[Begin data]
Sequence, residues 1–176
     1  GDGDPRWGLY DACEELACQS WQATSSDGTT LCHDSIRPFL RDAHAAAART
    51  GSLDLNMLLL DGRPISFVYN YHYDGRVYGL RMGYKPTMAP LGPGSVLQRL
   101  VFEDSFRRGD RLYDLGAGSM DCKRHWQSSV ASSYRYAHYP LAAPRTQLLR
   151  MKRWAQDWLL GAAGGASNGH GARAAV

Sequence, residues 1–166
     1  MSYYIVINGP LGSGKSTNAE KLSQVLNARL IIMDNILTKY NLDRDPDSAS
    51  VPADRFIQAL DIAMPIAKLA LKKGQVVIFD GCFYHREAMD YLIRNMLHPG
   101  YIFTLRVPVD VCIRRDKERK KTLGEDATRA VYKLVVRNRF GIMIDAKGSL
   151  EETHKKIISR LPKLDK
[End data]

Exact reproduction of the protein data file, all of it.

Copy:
Sequence, residues 1–176
     1  GDGDPRWGLY DACEELACQS WQATSSDGTT LCHDSIRPFL RDAHAAAART
    51  GSLDLNMLLL DGRPISFVYN YHYDGRVYGL RMGYKPTMAP LGPGSVLQRL
   101  VFEDSFRRGD RLYDLGAGSM DCKRHWQSSV ASSYRYAHYP LAAPRTQLLR
   151  MKRWAQDWLL GAAGGASNGH GARAAV

Sequence, residues 1–166
     1  MSYYIVINGP LGSGKSTNAE KLSQVLNARL IIMDNILTKY NLDRDPDSAS
    51  VPADRFIQAL DIAMPIAKLA LKKGQVVIFD GCFYHREAMD YLIRNMLHPG
   101  YIFTLRVPVD VCIRRDKERK KTLGEDATRA VYKLVVRNRF GIMIDAKGSL
   151  EETHKKIISR LPKLDK